I Hear The Weather's Nice In East Texas, Too, But I Doubt That's Why Patent Litigants Move There…
from the tax-benefits dept
We’re all familiar with the many reasons why patent holders try to file their lawsuits in East Texas — a notoriously “patent holder friendly” court, such that the it remains (far and away) the most popular court for patent lawsuits. However, in recent years, there has been some effort underway to get cases that obviously don’t belong in East Texas to be moved elsewhere, with some success. However, to deal with this, we’ve seen a variety of tactics from patent holders, including suing lots of companies in a variety of places so that “any place” is better than somewhere else and picking a random tiny local East Texas company to sue along with all the big companies, just so you can claim “hey, the lawsuit belongs in East Texas.”
Apparently, another tactic is to move your “operation” from wherever it was to East Texas just before filing the lawsuit — so you can claim that you’re actually based there. That happened in a recent lawsuit, and the company being sued tried to have the venue moved, claiming that the “move” to East Texas was “a sham” designed solely to set the venue. However, as Joe Mullin notes, East Texas’ most famous judge for patent cases, Judge Ward, is having none of it, suggesting there are plenty of other reasons a company might “move” to East Texas right before suing over patent infringement:
“[Defendant] argues that [plaintiff] moved its location from Ann Arbor to Longview as a sham concocted simply in anticipation of this litigation. . . . [A] business opens its doors in a particular location for a number of considerations, including the cost of rent, market profitability, cost of doing business, and tax benefits. The Court declines to scrutinize litigants’ business decisions in order to determine whether opening an office in a particular location has a legitimate business purpose or is merely a ‘tactic . . . to manipulate venue.’
If you want to make some quick money, now might be a good time to set up a business that helps “small companies” quickly “set up offices in East Texas,” because I get the feeling it’s about to become a booming business…. for the tax benefits, of course.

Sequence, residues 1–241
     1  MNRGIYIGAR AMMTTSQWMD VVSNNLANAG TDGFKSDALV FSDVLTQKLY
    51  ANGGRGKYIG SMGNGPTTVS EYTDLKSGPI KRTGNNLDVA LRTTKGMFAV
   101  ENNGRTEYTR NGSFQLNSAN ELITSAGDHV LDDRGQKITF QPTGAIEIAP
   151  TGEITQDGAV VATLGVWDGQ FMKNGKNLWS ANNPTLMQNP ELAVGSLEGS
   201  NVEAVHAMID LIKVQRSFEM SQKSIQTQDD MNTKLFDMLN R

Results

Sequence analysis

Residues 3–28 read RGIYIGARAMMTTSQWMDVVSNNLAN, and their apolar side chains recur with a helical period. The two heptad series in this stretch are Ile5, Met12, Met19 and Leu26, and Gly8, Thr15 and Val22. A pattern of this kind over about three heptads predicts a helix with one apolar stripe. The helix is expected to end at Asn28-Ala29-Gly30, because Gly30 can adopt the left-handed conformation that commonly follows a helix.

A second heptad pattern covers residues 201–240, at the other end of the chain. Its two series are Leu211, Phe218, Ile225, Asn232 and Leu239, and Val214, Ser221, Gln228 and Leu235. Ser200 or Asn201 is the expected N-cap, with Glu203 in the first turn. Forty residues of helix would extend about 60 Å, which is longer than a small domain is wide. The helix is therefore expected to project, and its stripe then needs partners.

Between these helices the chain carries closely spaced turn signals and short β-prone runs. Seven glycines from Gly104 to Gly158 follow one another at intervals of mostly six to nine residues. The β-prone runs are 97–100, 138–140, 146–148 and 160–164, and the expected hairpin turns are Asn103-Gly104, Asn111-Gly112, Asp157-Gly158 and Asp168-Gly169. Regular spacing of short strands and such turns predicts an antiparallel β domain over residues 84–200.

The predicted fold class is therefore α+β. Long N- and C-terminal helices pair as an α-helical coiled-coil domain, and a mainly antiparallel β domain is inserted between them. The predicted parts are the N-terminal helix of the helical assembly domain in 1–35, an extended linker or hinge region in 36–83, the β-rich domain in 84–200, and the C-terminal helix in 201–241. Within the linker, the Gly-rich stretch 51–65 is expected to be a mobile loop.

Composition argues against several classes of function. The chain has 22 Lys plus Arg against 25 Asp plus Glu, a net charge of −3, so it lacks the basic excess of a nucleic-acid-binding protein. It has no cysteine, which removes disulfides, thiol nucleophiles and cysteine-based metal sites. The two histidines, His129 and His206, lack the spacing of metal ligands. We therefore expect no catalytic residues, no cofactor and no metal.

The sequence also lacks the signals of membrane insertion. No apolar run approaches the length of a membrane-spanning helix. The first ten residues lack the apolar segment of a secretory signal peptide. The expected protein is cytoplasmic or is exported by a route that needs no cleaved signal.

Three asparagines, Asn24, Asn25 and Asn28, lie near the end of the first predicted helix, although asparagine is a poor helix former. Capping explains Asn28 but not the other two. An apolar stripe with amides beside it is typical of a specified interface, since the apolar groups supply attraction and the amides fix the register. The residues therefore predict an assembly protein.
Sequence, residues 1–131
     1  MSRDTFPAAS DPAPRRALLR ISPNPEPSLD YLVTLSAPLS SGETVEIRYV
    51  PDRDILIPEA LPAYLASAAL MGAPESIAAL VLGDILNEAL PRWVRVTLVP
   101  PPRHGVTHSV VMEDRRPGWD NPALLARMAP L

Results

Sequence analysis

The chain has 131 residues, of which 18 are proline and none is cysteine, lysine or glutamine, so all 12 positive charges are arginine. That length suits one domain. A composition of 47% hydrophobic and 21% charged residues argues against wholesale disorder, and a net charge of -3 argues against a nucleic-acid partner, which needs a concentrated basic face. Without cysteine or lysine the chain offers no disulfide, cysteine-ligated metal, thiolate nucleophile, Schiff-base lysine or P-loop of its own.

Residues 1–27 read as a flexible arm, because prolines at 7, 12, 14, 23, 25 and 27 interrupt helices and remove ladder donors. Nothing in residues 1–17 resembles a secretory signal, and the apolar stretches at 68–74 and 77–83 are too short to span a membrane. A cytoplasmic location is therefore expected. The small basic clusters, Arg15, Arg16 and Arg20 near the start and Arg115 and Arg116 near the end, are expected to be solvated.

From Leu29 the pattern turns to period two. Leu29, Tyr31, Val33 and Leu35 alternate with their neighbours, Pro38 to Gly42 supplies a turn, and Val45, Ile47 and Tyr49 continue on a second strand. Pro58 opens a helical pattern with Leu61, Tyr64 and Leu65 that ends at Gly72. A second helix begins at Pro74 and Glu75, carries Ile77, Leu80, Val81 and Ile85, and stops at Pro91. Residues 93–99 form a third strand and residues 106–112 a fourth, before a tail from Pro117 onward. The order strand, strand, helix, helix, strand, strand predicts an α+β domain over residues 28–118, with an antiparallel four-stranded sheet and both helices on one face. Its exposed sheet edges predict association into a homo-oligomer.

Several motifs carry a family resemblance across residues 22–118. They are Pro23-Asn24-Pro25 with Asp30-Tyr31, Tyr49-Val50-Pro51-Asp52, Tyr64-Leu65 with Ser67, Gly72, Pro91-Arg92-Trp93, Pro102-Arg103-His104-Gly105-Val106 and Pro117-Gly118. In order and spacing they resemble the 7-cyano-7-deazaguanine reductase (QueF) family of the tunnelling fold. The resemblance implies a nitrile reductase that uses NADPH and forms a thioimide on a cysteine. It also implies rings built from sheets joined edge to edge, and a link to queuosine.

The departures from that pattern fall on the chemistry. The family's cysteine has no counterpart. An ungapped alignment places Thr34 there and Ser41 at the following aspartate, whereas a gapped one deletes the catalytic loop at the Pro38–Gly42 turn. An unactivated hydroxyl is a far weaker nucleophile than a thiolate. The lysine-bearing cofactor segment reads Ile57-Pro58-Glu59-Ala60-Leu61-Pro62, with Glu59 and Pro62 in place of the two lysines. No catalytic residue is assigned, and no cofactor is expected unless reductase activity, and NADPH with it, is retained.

Filed Under: east texas, litigation, patents
Comments on “I Hear The Weather's Nice In East Texas, Too, But I Doubt That's Why Patent Litigants Move There…”
Texas Hold ‘Em. House wins.
Not a bad line of work
Especially since I do consulting work here. Maybe I can make a quick buck off of these folks.
Re: Not a bad line of work
If you’re quick you can even patent the idea of helping business relocate to East Texas. Then you don’t even have to do it – just sue those who do.
In East Texas of course.
Another reason … you may want to purchase some bull
I hope a federal court overturns the East Texas’s courts decisions. I just don’t see how this is constitutional being that the constitution calls for IP to promote the progress of science and USEFUL arts. I don’t see how intentionally suing people in East Texas, even moving your operations there before a patent lawsuit, does anything to promote the progress of anyone but corrupt lawyers and their evil scams.
The no so honorable Tool Judge Ward needs corn holed with the constitution.
Since Obama is committed to a nuclear arms reduction, we now have a use for them. Use them to heat East Texas…
until it melts.
Recently, while on vacation in Minnesota, I spoke with the mother of a patent attorney. She told me her daughter often travels to East Texas for trial.
She says that the local economy sees a tremendous influx of money due to the patent lawsuits. This makes the judges very friendly, encouraging more lawsuits/money flowing into E. Texas.